- Civil affairs officers from U.S. Southern Command and Special Operations Command South worked “to develop a strategy to increase Guatemala’s Civil Affairs capacity to disrupt transnational organized criminal activities in minimally governed areas” during a Civil Affairs Subject Matter Expert Exchange (SMEE) that took place in Guatemala City from April 23-25 between the United States, Colombia and Guatemala. The SMEE, led by Colombia, “was designed to provide the Civil Affairs representatives with a forum for sharing best practices in Civil Military Operations (CMO) and Civil Affairs Operations (CAO) and to discuss future CA focused engagement opportunities to complement U.S. Southern Command efforts in Countering Transnational Organized Crime (CTOC).”
Task Force Jaguar, organized by the Southern Command’s U.S. Army South, completed a mass casualty exercise in El Salvador in April. The activity took place before the launch of the Beyond the Horizon 2013 humanitarian exercise. “The mass casualty exercise is designed to simulate the stress caused during a real crisis” and “was just one step in the validation process required for the unit to maintain operations” in El Salvador. Additionally, “over the course of two days, safety, personnel recovery, and force protection inspectors from Army South evaluated the safety measures and tactics employed by the task force.”
Beyond the Horizon will operate in El Salvador until June. An Army press release describes it as “a joint and combined field training humanitarian exercise in which U.S. active duty, National Guard, and Reserve servicemembers specializing in engineering, construction and health care, working along-side partner nation personnel, provide much-needed services to communities in need while receiving valuable deployment training and building important relationships with partner nations.”
An April 16th Army release noted that since their arrival in El Salvador on the 30th of March, the Beyond the Horizon group’s work “constructing schools and latrines on three sites” is on track.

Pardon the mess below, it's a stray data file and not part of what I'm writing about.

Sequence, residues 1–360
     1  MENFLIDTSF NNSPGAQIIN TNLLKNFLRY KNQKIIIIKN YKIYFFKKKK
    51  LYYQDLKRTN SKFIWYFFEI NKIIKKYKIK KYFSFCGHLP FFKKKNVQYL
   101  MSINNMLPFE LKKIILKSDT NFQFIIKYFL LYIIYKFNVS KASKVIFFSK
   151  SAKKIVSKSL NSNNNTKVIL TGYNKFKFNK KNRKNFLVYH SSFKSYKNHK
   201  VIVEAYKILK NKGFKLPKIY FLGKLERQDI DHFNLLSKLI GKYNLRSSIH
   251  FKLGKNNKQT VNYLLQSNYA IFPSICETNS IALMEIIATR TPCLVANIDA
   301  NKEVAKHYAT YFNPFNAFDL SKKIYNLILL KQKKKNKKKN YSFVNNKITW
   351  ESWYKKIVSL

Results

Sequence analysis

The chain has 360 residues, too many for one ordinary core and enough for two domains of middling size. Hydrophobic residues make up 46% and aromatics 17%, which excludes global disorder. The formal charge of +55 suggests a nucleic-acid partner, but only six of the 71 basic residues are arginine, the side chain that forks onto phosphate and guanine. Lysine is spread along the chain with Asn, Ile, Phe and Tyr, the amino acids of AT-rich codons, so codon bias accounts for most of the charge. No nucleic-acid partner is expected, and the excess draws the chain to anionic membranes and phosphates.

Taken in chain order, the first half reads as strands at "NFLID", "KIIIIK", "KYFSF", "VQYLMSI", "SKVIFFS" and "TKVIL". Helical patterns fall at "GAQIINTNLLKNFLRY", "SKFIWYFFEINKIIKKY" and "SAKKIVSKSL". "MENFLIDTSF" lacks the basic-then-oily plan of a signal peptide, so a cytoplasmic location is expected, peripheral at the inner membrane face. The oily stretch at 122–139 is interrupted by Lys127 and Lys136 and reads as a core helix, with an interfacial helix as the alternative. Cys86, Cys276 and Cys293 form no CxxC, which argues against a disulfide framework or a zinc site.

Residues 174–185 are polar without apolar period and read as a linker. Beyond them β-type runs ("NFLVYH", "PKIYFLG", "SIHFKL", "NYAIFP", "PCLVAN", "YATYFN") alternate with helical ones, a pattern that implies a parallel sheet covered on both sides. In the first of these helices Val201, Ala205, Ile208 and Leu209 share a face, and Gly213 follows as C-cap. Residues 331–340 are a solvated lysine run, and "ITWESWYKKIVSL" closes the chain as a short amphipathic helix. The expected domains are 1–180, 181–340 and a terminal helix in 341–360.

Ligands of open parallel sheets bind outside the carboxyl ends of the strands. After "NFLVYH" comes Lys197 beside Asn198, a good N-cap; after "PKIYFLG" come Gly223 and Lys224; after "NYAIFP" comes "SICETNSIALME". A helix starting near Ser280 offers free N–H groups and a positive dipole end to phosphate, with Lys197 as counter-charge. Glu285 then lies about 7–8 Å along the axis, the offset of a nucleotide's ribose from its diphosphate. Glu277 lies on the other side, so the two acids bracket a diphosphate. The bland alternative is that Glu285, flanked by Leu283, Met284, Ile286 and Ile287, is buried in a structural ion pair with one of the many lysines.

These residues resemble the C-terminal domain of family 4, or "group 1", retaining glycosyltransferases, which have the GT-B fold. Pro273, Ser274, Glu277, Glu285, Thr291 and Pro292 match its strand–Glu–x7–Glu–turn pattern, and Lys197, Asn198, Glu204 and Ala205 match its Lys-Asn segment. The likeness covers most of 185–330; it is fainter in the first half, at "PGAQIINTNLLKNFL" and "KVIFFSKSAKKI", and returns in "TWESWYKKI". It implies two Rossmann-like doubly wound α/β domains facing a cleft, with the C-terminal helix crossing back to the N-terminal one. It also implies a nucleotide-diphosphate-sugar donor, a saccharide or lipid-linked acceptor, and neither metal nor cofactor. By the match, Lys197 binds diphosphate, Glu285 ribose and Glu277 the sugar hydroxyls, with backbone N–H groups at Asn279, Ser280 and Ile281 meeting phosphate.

On February 28th, eleven Salvadoran airmen returned to San Salvador after being deployed to Afghanistan by the United States. During their time in Afghanistan they worked as aviation advisers and International Security Assistance Force liaison officers. “The training that the Salvadoran airmen went through is similar to what U.S. service members receive in preparation for deployment. The Salvadorans also received psychological and medical evaluations and other exams to ensure they were fit for a combat mission”
Following the completion of three weeks of “joint training and partnership building” in Guatemala, the Southern Partnership Station 2013 naval exercise moved to Honduras in April. SPS 2013 is working to train armed forces in “the areas of explosive ordnance disposal, land navigation, live-fire exercises, river operations and arrest procedures.”
Joint Task Force-Bravo, a U.S. Southern Command component based at the Soto Cano air base near Comayagua, Honduras, reports that it “partnered with four female Honduran National Police Officers, Community Engagement Section, to mentor young women aged 17-27 at the Arts for Humanity Women’s Leadership Center, as part of a commitment to assist in the development of partnership capacity in El Socorro, Honduras, April 18. Joint Task Force-Bravo’s Army Forces Battalion, Engineer Section and Medical Element taught classes on leadership and ethics, basic first aid, and conducted a technical engineering assessment of the center’s infrastructure.”
On April 23rd, Joint Task Force-Bravo’s mobile surgical team (MST) worked with a group of Honduran surgeons at the Hospital Escuela in Tegucigalpa. This medical surgical team works with local surgeons in La Paz, Comayagua, and Tegucigalpa on a regular basis, helping to train medical students as part of Medial Readiness Training Exercise (MEDRETE) programs. According to a Southern Command release, “the surgical MEDRETES allows the MST to exercise their surgical skills while providing relief to the saturated medical staff at Hospital Escuela.”
As part of a May 6th MEDRETE in the Cuesta de la Virgen community, members of Joint Task Force-Bravo worked with the Honduran Ministry of Health and Honduran military personnel to provide medical attention to more than 500 residents. In addition to teaching about preventative medicine, nutrition, and proper hygiene, “villagers were provided the opportunity to meet with a nurse, dentist or medical provider depending on their needs to receive assistance which ranged from routine medical checkups, basic immunizations, deworming medicine for children, tooth extractions and gynecological services.”
“Seventeen service members from Joint Task Force-Bravo were recalled and transported to Puerto Castilla to join the Honduran Comision Permanente de Contingencias (COPECO), during a Central America Survey and Assessment Team (C-SAT) exercise, May 15-16,” reports the Honduras-based U.S. Southern Command component. “The team partnered with COPECO to run through a simulated hurricane landfall disaster scenario and determine the actions each agency would accomplish during a disaster.”